Treating PE in the ED

Outpatient treatment of pulmonary embolism on the rise.


If a patient shows up in the emergency department with a pulmonary embolism (PE), is it safe to send him home? The protocol in many hospitals says absolutely not: The vast majority of PE patients are routinely admitted for several days to monitor their condition and supervise the start of anticoagulants. However, some hospitals are cautiously exploring ED treatment and discharge for PE.

Caution is understandable, since the overall 30-day mortality rate for PE is between 10% and 30%, according to published studies. But a growing body of evidence suggests that low-risk PE patients can safely skip the inpatient stay, or at least make it shorter, if they have access to appropriate anticoagulant medications, home support, and outpatient follow-up.

Photo by Thinkstock
Photo by Thinkstock

If hospitals can accurately identify the low-risk patients, and put appropriate supports in place to care for them as outpatients, experts said, they may be able to cut the cost of these patients' care significantly and save them the wear and tear of a hospital stay, without jeopardizing their health in any way.

“If you're not going to do better in the hospital, we want you to be at home,” said Margaret Fang, MD, FACP, a hospitalist and director of the anticoagulation clinic at University of California San Francisco Medical Center. She says outpatient treatment of PE patients is made possible by advances in anticoagulants. “Ten or 15 years ago, many patients had to be hospitalized for IV heparin,” she said, but now low-risk patients can be sent home with oral or injectable medications.

Overall, U.S. emergency departments see thousands of PE patients every year, but no more than 15% of them are discharged without an inpatient stay, according to an analysis of 10 years of national emergency department data published in March in Respiratory Research.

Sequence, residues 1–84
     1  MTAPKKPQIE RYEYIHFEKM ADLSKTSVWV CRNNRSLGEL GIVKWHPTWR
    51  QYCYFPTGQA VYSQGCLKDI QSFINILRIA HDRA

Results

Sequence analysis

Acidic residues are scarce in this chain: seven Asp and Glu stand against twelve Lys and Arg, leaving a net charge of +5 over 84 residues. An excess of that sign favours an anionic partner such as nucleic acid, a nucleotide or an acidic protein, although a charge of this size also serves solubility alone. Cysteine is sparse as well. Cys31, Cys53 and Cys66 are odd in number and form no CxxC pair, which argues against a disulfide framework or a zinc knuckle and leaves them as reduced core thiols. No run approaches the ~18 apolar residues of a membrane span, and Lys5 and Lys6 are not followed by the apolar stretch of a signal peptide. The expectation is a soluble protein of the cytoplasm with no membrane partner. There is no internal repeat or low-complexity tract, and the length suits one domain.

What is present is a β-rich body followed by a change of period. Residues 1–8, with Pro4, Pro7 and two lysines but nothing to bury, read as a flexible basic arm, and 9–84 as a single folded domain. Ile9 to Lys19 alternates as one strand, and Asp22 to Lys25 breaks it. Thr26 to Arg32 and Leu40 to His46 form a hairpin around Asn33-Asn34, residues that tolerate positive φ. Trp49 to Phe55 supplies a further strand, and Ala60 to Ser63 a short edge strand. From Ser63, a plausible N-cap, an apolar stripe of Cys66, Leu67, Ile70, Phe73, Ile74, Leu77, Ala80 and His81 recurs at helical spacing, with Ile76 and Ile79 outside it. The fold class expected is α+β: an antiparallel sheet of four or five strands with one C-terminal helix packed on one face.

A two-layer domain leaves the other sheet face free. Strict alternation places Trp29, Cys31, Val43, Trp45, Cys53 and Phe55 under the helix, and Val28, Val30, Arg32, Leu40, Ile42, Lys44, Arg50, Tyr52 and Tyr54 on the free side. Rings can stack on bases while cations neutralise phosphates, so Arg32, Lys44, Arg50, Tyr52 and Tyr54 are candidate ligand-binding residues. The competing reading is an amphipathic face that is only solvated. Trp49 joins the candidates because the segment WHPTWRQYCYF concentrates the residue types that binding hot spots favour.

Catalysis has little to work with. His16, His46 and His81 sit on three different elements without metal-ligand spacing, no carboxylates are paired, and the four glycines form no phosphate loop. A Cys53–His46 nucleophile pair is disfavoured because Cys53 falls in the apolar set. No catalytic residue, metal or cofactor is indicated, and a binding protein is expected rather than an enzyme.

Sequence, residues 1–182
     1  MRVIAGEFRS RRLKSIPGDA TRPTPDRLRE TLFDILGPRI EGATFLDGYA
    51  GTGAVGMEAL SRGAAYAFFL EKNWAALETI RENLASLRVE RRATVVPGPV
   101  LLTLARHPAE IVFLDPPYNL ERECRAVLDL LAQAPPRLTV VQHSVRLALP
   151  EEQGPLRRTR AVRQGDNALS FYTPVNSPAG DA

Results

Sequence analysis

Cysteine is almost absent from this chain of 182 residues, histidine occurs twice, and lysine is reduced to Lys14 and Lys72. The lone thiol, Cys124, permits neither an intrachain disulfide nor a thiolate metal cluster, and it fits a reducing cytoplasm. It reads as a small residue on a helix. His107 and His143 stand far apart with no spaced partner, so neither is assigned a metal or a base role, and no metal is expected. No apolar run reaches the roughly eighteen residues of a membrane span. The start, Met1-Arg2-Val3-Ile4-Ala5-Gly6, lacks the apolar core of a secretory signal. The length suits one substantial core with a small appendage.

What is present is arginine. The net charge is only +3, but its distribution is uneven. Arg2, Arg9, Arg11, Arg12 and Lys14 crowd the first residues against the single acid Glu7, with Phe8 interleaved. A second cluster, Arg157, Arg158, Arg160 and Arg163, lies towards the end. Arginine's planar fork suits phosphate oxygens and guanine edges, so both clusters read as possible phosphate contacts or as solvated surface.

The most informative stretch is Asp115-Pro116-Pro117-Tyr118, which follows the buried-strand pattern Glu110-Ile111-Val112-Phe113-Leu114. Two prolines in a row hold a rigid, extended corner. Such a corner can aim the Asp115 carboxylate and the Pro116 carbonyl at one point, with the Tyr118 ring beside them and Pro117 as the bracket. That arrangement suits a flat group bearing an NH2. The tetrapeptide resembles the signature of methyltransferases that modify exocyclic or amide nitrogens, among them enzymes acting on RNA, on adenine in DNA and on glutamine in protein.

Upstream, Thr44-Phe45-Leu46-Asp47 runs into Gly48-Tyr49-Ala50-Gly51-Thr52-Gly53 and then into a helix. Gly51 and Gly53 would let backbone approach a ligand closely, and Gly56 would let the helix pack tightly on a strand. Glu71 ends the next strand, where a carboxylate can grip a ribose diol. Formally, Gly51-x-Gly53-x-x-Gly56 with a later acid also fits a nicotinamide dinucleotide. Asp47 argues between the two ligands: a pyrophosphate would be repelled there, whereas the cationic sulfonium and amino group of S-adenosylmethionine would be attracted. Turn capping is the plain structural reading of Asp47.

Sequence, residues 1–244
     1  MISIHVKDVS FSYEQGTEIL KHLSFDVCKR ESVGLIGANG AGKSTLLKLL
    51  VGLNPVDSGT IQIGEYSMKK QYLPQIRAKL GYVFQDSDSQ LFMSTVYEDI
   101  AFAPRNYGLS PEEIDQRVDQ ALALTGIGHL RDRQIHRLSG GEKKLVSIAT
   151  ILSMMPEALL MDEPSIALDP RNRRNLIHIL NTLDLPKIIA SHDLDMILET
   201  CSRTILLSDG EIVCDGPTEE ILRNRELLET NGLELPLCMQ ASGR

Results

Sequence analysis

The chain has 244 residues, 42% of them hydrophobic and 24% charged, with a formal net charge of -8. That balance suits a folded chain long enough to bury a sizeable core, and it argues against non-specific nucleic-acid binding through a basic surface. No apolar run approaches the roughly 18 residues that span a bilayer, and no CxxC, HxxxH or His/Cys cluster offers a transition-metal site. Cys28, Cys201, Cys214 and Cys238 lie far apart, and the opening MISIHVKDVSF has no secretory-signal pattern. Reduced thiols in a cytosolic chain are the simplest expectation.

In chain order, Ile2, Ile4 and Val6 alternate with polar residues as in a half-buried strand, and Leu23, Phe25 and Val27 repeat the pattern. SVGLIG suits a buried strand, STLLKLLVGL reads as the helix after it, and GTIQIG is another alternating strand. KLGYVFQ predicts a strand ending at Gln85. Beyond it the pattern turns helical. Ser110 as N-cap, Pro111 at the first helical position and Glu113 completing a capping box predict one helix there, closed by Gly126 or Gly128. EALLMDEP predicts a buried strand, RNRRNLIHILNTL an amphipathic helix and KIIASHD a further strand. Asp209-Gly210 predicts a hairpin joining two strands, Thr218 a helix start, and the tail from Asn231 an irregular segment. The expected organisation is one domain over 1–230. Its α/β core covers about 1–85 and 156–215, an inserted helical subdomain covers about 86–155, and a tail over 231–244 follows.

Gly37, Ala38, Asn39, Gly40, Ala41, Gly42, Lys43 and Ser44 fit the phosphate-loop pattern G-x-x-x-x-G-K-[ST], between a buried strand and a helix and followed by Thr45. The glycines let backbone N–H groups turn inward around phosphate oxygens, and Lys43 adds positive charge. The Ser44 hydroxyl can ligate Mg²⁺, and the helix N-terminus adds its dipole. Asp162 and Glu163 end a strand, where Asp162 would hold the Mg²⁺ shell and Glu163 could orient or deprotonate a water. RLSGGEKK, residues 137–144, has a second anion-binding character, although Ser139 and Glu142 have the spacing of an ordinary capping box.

The number of PE diagnoses in the ED is growing, primarily because the condition can now be readily confirmed via CT scan, the study concluded. Inpatient treatment for PE patients averages $8,000 per stay, according to the analysis, and the authors estimated that half the patients in the study could have been safely discharged for outpatient follow-up.

Scoring risk

That estimate is based on the patients' scores on the Pulmonary Embolism Severity Index (PESI). The PESI, a list of 11 weighted criteria based on age, sex, medical history, and clinical findings like blood pressure and temperature, predicts the 30-day mortality rate for PE patients, stratifying them into 5 categories. The low-risk categories, I and II, have an estimated 30-day mortality rate of no more than 3.5%. Category V, the highest risk, includes patients whose 30-day mortality rate is between 10% and 24.5%.

The PESI, first published in 2005 by researchers from the U.S., Switzerland, and France, is currently the gold standard for predicting risk in PE patients. It is endorsed by the American College of Chest Physicians and the European Society of Cardiology. Its effectiveness as a tool to identify low-risk patients was validated in a randomized clinical trial published in the July 2, 2011, issue of The Lancet. In that study, 344 patients in PESI categories I and II were assigned to either initial outpatient treatment or inpatient treatment. The study found no significant differences in outcome between the 2 groups.